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In coastal engineering, a tetrapod is a four-legged concrete structure used as armour unit on breakwaters. The Tetrapod's shape is designed to dissipate the force of incoming waves by allowing water to flow around rather than against it, and to reduce displacement by allowing a random distribution of Tetrapods to mutually interlock.
Earlier barrier material used in breakwaters, such as boulders and conventional concrete blocks, tended to become dislodged over time by the force of the ocean constantly crashing against them. Tetrapods and similar structures are often numbered so any displacement that occurs can be monitored through satellite photos.
The unit was originally developed in 1950 by Laboratoire Dauphinois d'Hydraulique in Grenoble, France (now Sogreah ). They are no longer protected by a patent, and are widely used all over the world, produced by many contractors.
The Tetrapod inspired many similar concrete structures for use in breakwaters, including the Modified Cube (U.S., 1959), the Stabit (U.K., 1961), the Akmon (Netherlands, 1962), the Dolos (South Africa, 1963), the Seabee (Australia, 1978), the Accropode (France, 1981), the Hollow Cube (Germany, 1991), the A-jack (U.S., 1998), and the Xbloc (Netherlands, 2001), among others. In Japan, the word Tetrapod is often used as a generic name for wave-dissipating blocks including other types and shapes.
Tetrapods have been shown to offer little advantage compared to other concrete armour units. Layering and the amount of tetrapods have shown to have no appreciable effect on the stability of the tetrapod structures although stability increases with the size of the tetrapod pad.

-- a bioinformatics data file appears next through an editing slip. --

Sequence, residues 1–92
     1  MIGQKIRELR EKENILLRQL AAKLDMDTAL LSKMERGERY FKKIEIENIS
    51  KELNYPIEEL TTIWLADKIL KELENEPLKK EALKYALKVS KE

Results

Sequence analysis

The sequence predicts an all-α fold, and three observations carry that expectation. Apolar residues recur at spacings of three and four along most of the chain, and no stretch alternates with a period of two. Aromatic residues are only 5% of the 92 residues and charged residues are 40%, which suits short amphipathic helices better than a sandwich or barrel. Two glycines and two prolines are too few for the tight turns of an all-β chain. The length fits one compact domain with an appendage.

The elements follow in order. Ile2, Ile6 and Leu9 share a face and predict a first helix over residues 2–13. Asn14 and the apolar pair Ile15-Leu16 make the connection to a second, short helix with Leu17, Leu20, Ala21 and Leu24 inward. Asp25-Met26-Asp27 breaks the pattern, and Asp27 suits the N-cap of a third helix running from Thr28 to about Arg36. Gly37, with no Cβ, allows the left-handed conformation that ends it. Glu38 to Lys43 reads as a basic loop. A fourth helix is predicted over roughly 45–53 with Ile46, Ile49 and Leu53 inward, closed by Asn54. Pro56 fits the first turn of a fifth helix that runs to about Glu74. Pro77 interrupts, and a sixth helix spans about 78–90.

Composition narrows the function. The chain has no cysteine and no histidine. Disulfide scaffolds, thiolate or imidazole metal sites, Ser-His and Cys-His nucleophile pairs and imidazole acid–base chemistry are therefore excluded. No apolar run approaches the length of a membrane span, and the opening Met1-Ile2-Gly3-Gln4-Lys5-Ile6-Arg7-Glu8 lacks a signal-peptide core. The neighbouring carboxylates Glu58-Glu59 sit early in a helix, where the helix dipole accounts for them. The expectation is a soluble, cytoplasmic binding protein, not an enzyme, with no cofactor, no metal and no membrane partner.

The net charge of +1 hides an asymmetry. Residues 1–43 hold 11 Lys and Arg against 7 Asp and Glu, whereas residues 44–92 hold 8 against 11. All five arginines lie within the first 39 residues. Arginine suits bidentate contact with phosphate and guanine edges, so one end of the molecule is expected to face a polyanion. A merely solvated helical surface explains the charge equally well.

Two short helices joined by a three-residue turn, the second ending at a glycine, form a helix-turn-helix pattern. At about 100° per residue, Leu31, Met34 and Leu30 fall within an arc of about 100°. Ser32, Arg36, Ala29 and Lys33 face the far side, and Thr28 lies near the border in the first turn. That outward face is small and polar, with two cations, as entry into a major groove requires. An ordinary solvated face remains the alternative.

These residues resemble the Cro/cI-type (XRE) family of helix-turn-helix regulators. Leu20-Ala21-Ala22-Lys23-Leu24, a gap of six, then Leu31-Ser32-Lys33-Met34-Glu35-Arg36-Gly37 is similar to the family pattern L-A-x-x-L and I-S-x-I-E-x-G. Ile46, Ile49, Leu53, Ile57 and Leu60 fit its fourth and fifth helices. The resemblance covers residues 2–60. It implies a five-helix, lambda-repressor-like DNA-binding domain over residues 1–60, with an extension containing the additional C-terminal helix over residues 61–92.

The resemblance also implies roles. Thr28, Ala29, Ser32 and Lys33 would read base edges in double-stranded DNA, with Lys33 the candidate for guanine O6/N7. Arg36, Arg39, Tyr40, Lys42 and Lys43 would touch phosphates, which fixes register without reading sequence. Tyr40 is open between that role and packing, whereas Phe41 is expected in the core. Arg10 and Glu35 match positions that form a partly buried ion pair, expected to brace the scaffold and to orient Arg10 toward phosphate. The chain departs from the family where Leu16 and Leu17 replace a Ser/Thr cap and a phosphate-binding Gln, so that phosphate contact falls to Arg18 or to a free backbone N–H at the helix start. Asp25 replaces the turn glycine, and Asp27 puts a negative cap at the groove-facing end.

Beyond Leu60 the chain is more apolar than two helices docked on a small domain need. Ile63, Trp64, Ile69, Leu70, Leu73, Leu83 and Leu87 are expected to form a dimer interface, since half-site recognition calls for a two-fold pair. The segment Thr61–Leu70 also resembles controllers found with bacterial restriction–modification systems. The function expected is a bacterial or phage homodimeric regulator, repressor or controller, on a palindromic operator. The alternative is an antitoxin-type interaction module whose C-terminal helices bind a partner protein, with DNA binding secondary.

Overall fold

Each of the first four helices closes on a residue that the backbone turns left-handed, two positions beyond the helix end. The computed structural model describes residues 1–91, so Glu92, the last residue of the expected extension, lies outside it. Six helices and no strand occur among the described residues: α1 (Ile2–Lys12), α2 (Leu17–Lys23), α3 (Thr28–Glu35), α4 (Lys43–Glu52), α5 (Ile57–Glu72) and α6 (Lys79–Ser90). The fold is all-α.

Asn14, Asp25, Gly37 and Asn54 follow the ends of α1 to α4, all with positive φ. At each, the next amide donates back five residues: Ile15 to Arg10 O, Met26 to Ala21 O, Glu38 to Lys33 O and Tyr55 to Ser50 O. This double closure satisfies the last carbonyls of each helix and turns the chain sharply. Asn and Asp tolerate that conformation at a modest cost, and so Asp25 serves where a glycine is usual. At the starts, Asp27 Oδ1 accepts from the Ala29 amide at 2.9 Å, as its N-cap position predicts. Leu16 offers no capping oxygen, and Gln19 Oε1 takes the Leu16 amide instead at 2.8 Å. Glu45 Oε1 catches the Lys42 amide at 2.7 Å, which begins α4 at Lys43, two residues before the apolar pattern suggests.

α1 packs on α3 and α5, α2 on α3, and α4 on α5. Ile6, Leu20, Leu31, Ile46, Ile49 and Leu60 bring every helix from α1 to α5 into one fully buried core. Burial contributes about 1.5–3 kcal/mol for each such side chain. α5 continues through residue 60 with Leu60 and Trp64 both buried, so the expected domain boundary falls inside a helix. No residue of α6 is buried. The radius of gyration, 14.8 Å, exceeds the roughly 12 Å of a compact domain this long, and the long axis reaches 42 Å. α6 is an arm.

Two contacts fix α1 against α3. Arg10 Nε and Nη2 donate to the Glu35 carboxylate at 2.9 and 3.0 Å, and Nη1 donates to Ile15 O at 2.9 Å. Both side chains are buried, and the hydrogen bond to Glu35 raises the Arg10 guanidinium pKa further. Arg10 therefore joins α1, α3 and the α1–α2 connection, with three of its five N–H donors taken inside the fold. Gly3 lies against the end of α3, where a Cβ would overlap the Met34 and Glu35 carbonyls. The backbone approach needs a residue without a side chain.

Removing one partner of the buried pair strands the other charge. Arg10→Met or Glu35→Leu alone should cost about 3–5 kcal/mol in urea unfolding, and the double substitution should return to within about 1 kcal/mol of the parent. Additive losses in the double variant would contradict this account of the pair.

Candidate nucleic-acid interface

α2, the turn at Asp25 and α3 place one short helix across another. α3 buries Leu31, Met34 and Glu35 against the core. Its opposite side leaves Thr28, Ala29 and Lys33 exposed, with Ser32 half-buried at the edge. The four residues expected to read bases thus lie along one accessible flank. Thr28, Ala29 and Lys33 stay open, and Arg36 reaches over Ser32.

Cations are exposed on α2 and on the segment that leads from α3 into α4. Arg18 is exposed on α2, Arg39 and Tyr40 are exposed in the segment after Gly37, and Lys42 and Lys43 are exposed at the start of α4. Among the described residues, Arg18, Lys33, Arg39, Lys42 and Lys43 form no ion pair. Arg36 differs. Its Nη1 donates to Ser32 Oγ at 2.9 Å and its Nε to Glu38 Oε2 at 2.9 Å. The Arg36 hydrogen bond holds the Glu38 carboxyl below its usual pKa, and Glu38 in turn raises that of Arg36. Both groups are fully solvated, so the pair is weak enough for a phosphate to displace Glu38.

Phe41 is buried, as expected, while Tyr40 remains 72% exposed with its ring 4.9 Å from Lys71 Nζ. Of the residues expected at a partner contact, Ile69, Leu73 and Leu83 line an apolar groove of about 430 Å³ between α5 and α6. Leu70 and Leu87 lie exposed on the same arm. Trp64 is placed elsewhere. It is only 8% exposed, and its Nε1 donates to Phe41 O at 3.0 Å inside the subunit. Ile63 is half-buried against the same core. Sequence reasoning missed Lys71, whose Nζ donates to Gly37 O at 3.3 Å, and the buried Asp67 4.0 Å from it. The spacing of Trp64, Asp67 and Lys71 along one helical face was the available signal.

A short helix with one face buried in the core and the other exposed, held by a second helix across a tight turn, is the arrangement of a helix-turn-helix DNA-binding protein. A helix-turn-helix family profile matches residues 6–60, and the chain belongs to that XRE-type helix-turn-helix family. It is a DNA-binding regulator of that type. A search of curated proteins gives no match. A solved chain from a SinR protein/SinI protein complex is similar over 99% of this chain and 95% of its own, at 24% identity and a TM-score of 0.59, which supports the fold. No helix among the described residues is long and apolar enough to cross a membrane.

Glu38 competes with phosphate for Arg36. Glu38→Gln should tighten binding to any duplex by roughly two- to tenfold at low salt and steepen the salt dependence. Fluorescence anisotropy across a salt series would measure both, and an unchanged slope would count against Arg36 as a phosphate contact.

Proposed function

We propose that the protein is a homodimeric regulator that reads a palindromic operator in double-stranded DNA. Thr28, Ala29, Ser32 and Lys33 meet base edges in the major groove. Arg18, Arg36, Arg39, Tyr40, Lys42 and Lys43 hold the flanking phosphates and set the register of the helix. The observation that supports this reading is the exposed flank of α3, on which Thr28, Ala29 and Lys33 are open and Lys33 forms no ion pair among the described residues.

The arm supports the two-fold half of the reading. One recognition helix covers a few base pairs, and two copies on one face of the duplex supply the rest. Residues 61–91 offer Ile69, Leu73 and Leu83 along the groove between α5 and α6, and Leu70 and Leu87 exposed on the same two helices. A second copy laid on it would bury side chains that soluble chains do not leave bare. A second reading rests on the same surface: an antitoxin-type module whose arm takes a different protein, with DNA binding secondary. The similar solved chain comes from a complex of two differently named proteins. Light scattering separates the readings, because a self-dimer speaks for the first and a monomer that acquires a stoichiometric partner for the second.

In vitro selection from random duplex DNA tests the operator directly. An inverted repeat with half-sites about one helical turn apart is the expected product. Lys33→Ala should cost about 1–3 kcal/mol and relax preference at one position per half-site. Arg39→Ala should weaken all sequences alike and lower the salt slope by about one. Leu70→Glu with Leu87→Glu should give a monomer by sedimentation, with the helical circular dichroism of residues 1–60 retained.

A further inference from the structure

Tetrapods have also been criticized for causing more damage than they prevent because they alter ocean currents and disrupt the natural cycles of erosion and deposition that form and reshape coasts. Concrete coastal installations can also be lethally dangerous to swimmers and surfers, as well to shipping and recreational boaters.
New shore protection innovations have shown that there are better methods that are less obtrusive and more environmentally friendly than concrete armor structures. Alternate placements of sand and mix sediments and modifications of incident wave conditions through the use of reefs are examples of those.
See also 
- Artificial reef
- Breakwater (structure)
- Coastal management
- Coastal erosion
- Ocean surface wave
- al.], P.F. Lagasse ... [et (2007). Countermeasures to protect bridge piers from scour. Washington, D.C.: Transportation Research Board. ISBN 0-309-09909-9.
- Hesse, Stephen. "The Japan Times environment columnist". DON'T YOU JUST LOVE 'EM . . . TETRAPODS. The Japan Times. Retrieved 13 May 2011.
- Zimmerman, ed. by Claus (2005). Environmentally friendly coastal protection : [proceedings of the NATO Advanced Research Workshop on Environmentally Friendly Coastal Protection Structures, Varna, Bulgaria, 25-27 May 2004] ([Online-Ausg.] ed.). Dordrecht: Springer. ISBN 978-1-4020-3299-8.
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